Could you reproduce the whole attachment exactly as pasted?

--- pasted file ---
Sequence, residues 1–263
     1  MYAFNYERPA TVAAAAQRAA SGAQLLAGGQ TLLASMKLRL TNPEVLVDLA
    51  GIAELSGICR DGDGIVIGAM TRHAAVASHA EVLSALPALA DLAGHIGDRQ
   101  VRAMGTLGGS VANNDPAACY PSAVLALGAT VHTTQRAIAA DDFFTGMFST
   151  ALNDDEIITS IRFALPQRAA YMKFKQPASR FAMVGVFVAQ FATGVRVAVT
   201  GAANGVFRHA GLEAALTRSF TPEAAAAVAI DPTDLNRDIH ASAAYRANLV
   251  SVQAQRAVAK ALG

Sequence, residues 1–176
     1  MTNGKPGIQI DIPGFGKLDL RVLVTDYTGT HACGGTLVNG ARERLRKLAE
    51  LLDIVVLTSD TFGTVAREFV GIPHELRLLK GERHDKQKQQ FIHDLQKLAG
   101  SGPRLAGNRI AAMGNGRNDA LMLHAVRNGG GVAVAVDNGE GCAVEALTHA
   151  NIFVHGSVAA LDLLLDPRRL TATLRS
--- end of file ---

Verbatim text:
Sequence, residues 1–263
     1  MYAFNYERPA TVAAAAQRAA SGAQLLAGGQ TLLASMKLRL TNPEVLVDLA
    51  GIAELSGICR DGDGIVIGAM TRHAAVASHA EVLSALPALA DLAGHIGDRQ
   101  VRAMGTLGGS VANNDPAACY PSAVLALGAT VHTTQRAIAA DDFFTGMFST
   151  ALNDDEIITS IRFALPQRAA YMKFKQPASR FAMVGVFVAQ FATGVRVAVT
   201  GAANGVFRHA GLEAALTRSF TPEAAAAVAI DPTDLNRDIH ASAAYRANLV
   251  SVQAQRAVAK ALG

Sequence, residues 1–176
     1  MTNGKPGIQI DIPGFGKLDL RVLVTDYTGT HACGGTLVNG ARERLRKLAE
    51  LLDIVVLTSD TFGTVAREFV GIPHELRLLK GERHDKQKQQ FIHDLQKLAG
   101  SGPRLAGNRI AAMGNGRNDA LMLHAVRNGG GVAVAVDNGE GCAVEALTHA
   151  NIFVHGSVAA LDLLLDPRRL TATLRS